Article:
It is apparent to those skilled in the art that a buffer circuit may be used in the synchronous rectifier unit to enhance gate drive signal for its MOSFET.

It is also apparent to those skilled in the art that the synchronous rectifier unit may have the configuration of the first basic embodiment or the second basic embodiment.

The operation of this embodiment is described herein. An AC voltage is applied to primary winding W501 and a corresponding AC voltage is induced across secondary winding W502. Windings W501 and W502 are arranged so that they produced voltage of opposite phase. When secondary winding W502 exhibits a positive cycle, body diode DM501 is turned on. Current flows through winding N501 and turns on a low loss MOSFET M501. Current flows through MOSFET M501 and delivers current to output load resistor R501. When secondary winding W502 exhibits a negative cycle, current tends to flow through winding N501 in an opposite direction to that in a positive cycle. MOSFET M501 is turned off and diode DM501 is reverse biased. Current ceased to flow unit the next cycle. Similar to operations in other embodiments the synchronous rectifier provides energy recovery for high efficiency operations.

EXPERIMENTAL RESULT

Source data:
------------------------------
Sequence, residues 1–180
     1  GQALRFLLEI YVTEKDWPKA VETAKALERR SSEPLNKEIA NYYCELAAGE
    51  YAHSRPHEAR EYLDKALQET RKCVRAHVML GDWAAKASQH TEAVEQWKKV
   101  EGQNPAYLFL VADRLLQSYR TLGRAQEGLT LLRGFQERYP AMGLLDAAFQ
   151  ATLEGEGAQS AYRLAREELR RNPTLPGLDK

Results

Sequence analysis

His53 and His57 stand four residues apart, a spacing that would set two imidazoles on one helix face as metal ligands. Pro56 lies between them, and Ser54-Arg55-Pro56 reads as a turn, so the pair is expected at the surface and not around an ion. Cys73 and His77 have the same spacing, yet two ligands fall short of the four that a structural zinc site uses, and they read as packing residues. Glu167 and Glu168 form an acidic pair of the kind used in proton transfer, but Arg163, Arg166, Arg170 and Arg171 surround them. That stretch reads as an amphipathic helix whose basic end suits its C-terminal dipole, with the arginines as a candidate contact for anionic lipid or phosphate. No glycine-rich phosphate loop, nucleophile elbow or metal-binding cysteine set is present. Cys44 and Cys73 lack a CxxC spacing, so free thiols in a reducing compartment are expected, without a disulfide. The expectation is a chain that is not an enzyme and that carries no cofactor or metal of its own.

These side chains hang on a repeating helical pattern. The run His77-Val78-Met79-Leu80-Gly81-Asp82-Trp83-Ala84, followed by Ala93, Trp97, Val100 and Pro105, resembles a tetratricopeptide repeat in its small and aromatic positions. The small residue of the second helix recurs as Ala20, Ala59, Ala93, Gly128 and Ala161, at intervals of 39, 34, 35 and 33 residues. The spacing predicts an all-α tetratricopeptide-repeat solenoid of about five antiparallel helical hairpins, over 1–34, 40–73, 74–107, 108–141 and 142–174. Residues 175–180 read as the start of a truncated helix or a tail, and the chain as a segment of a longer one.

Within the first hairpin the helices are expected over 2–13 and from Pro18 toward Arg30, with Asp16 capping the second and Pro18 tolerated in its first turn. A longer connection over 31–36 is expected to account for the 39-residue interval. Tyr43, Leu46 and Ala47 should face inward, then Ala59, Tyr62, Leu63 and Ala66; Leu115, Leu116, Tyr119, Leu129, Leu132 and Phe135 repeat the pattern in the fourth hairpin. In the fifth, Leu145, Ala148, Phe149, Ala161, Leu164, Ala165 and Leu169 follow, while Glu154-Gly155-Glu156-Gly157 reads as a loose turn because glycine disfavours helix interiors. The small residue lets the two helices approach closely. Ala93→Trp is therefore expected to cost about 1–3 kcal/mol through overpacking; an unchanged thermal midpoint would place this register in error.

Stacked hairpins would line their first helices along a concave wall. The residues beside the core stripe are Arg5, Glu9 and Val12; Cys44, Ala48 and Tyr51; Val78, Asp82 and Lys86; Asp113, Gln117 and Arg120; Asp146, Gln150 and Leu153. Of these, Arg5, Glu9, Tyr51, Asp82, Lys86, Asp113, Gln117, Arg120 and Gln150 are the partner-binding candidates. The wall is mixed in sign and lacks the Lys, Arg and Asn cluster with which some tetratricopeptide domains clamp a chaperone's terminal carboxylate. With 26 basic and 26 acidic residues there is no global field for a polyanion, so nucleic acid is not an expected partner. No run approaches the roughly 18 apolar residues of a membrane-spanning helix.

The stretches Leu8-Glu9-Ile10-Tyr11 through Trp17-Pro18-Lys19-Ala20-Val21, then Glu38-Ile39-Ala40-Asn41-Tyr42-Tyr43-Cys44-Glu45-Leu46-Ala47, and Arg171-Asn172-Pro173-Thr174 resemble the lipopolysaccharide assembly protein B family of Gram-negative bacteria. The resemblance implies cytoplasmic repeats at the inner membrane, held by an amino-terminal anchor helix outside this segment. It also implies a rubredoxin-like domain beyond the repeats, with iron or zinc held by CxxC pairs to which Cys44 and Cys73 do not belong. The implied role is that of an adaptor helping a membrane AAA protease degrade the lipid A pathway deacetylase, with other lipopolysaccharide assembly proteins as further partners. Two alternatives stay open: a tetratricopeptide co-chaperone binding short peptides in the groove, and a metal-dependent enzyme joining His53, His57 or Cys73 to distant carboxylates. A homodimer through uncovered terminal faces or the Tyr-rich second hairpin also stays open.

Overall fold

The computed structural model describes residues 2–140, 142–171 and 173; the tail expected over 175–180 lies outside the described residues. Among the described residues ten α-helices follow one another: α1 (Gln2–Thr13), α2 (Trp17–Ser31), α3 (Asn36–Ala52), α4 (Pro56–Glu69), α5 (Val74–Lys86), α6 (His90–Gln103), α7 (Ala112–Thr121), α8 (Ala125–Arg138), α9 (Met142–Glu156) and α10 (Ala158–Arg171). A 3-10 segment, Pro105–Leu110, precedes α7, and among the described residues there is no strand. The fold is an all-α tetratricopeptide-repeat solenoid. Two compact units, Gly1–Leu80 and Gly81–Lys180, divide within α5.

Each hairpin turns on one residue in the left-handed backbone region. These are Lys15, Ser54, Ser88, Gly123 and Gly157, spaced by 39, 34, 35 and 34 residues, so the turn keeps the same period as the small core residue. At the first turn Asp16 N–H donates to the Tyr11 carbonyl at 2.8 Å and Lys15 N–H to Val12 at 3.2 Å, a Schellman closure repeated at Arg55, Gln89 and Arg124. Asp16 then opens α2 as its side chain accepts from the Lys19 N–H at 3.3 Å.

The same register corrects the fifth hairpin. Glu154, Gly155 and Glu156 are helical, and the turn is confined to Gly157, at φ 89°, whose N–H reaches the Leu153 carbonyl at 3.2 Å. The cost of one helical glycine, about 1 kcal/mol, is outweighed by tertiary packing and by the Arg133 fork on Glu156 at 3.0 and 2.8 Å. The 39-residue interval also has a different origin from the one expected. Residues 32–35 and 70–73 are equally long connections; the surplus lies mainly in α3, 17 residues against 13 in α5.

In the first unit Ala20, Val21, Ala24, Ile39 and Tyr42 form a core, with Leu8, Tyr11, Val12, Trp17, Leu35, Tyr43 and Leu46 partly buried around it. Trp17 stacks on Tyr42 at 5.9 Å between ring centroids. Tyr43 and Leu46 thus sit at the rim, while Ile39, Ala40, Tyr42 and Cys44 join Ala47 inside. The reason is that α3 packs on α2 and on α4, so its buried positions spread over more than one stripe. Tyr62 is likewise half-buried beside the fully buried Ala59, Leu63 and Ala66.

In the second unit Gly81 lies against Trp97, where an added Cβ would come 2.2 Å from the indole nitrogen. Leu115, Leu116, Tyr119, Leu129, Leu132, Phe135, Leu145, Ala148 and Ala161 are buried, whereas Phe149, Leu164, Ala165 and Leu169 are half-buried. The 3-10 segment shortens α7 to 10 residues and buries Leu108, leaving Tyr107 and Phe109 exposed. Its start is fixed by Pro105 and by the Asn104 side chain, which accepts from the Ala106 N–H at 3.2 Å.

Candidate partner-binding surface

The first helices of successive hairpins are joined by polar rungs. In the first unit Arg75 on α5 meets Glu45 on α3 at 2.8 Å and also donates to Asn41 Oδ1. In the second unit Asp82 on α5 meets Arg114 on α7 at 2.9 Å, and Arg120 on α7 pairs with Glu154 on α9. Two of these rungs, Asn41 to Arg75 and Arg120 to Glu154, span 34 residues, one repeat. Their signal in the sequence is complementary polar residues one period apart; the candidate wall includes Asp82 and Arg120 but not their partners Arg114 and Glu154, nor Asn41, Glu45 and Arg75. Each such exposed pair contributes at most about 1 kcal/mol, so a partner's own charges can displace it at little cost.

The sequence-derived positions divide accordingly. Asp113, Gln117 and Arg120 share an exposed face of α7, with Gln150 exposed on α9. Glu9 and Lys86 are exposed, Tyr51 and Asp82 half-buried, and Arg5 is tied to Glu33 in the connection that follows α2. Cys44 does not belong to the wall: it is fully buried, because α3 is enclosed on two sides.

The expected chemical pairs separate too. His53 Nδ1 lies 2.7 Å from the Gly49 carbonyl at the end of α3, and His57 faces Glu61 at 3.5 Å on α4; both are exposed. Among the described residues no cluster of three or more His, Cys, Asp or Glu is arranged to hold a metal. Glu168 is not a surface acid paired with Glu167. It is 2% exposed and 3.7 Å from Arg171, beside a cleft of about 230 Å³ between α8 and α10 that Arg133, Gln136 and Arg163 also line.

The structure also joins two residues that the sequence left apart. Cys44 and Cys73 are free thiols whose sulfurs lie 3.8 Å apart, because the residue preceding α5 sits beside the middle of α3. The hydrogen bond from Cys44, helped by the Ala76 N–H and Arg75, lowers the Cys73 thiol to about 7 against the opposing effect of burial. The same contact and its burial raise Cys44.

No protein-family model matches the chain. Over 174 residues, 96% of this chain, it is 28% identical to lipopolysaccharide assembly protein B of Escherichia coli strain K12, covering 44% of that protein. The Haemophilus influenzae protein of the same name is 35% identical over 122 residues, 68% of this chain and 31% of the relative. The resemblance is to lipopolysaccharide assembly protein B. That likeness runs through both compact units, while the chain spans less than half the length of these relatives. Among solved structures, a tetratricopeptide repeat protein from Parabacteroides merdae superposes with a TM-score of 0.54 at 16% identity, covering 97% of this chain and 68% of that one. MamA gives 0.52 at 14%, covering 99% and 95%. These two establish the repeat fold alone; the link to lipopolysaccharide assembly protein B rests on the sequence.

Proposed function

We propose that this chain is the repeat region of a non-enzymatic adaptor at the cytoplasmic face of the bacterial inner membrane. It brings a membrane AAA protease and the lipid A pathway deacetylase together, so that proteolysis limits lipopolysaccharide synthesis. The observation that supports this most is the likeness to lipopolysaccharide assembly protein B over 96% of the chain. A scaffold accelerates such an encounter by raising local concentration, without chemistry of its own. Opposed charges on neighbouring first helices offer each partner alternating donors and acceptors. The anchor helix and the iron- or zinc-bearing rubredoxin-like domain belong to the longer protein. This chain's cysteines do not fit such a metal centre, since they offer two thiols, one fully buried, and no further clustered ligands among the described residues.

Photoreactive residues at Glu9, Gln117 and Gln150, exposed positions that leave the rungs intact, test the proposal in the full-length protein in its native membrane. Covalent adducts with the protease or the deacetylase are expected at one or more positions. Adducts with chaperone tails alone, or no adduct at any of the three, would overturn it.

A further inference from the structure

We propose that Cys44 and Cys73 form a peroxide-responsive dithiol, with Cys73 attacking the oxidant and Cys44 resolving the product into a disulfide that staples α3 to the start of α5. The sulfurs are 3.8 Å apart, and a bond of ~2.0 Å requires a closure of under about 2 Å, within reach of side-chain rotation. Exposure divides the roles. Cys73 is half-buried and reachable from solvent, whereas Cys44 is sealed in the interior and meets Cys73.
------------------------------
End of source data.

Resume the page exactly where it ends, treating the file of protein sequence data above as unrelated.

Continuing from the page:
The present invention is experimentally tested using a forward converter. Two experiments were carried out. In one experiment the secondary section of the forward converter comprised of Schottky diode of type MBR1645, which is a 16A, 45V device. In another experiment the secondary section comprised of the present invention as synchronous rectification units. The switching devices in the synchronous rectification units are MOSFET of type SGS60NE03L-10 which has turn on resistance of 10 milli-ohm. The converter operates under the same condition with a load current of 4 A. In both cases the temperature rise of the devices were recorded. It was recorded that the temperature rise for the Schottky diode was 27 degree C. whereas the temperature rise for the MOSFET was only 6 degree C. These two types of devices have the same package type TO220. This experiment verified the effectiveness of the present invention.